6 Most Colourful Festivals in Nigeria

Nigeria is famous for the beauty of its many tribes, their rich culture and history around the world. One very admirable trait common among the people is their respect and honour for their past. Every tribe, in its own way, celebrates their culture, rulers and fascinating deities through folktales and legends, songs, and of course, festivals. These festivals are no small matter as the people set apart time to meticulously plan for them, making sure that each event is always one to remember.

As there are many tribes in Nigeria so there are many festivals, but we have picked out six of the most colourful, vibrant and popular events that you do not want to miss on your next trip to the beautiful country.

1. The Calabar Festival

The Calabar Festival

One cannot mention the festivals in Nigeria without putting the Calabar Festival at the top of the list. It is no doubt one of the most exciting festivals in Africa, internationally referred to as ‘Africa’s Biggest Street Party’, and does a lot more than just celebrate the history of the lovely city of Calabar, Cross River State. With different themes each year, the carnival aims to not only commemorate the past but also to address matters in the modern age. This makes it not just a festival that Nigerians can enjoy, but one the whole world can relate to.

2. The Lagos Carnival

The Lagos Carnival

Also known as the Caretta or Fanti Carnival, this carnival is usually held in the middle of the Black Heritage Week festivities, where people from all over the world gather for the celebration. The festival dates back to the late 19th century, when Brazilian former slave returnees came and resided in Lagos. The carnival was re-established in 2010. It has since then served as an annual gathering of the coloured and is considered the most prominent festival in all of West Africa.

3. The Eyo Festival

The Eyo Festival

Lagos is known far and wide for its diversity and many festivals, with one of the most enthralling ones being the Eyo Masquerade Festival. The festival was brought to Lagos from Iperu in Ogun State and was first celebrated in the region on the 20th of February, 1854. Usually held in honour of the death of a chief or nobleman or to welcome notable personalities to the area, it has no fixed date and is only held on Saturdays. During that period, the entire region is painted all white as the masquerades parade the streets and different activities bring the city to life.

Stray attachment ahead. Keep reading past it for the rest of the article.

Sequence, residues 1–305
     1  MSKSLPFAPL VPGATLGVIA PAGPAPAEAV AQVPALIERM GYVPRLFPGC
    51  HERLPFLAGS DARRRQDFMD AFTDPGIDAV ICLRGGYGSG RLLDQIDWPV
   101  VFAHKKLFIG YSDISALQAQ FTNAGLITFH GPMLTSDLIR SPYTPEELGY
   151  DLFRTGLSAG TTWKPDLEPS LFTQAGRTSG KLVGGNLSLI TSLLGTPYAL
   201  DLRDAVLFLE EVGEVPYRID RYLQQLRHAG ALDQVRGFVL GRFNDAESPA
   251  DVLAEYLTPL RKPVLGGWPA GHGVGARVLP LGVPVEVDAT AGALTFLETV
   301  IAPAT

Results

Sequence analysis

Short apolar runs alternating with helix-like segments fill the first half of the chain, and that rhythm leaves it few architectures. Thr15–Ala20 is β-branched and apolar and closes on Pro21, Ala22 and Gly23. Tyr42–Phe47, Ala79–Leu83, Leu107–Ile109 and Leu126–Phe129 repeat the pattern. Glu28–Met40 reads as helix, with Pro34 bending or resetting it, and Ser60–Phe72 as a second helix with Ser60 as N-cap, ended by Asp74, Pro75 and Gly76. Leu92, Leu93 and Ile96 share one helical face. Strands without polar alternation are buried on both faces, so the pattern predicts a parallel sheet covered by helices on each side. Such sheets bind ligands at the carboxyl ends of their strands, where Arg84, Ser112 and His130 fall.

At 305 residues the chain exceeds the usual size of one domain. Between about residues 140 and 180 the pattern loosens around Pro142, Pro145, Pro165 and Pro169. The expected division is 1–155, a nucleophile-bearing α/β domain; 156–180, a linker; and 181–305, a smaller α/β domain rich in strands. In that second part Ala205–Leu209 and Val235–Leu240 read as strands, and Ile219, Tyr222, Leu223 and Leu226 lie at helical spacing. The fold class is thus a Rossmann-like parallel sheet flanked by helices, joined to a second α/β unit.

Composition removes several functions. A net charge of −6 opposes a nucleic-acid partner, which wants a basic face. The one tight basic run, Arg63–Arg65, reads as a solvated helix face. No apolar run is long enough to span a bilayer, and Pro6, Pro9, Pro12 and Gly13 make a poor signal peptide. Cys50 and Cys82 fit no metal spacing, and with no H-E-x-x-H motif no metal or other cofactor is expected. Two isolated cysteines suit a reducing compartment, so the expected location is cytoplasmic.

4. The Durbar Festival

The Durbar Festival

Durbar is a century-old festival held in most parts of Northern Nigeria every year and marks the end of Ramadan (a month of fasting from sunrise to sunset celebrated by Muslims worldwide) and the beginning of the Eid-al-Fitr and Eid-al-Adha holidays. The festival dates back to the 14th century in Kano, the largest city in Northern Nigeria, and attracts people from around the world. Most of the visitors are spectators of the Jahi race which is possibly the most exciting event in the entire festival. Originally organized as a way for the noblemen to pay homage to the Emir and show their horsemanship and readiness for war, it has gradually evolved throughout the years into an event that embodies the culture of the people of Kano, with the natives inviting many other tribes and nations to join in the celebration.

5. The Argungu Fishing Festival

The Argungu Fishing Festival

The Argungu Fishing Festival is an annual four-day festival celebrated in the state of Kebbi and other states in the northwestern region of Northern Nigeria. The festival began in the year 1934 as a mark of the end of the centuries-old hostility between the Sokoto Caliphate and the Kebbi Kingdom. It has contributed largely to the progress and development of the state as a whole. Many activities are carried out during this carnival but the main attraction is the grand fishing contest, where men jump into the river at the sound of a gunshot and strive to catch the biggest fish. The top three winners stand a chance to win cash prizes and other handsome rewards.

6. The New Yam Festival

The New Yam Festival

Last but most certainly not least, we have the New Yam Festival commonly celebrated by the Igbo people of Nigeria, though many other tribes are known to observe the festivals well. It is considered a celebration of life in the various Igbo communities, marking the end of the old farming season and the beginning of a new one. One of the most highly regarded events in the communities that celebrate them, the festival begins with discarding the yam of the previous years. They dedicate the new yam to their various deities, and many people gather together to usher in the new farming season and enjoy their new yam.

If you’re looking for the perfect place to experience culture, history and just fun-filled excitement, then Nigeria is the number one spot for you. Plan your next trip to the rich country and encounter these wonderful festivals yourself. And we assure you, you will not regret it.

Also Read: 5 Most Interesting Cultural Monuments in Nigeria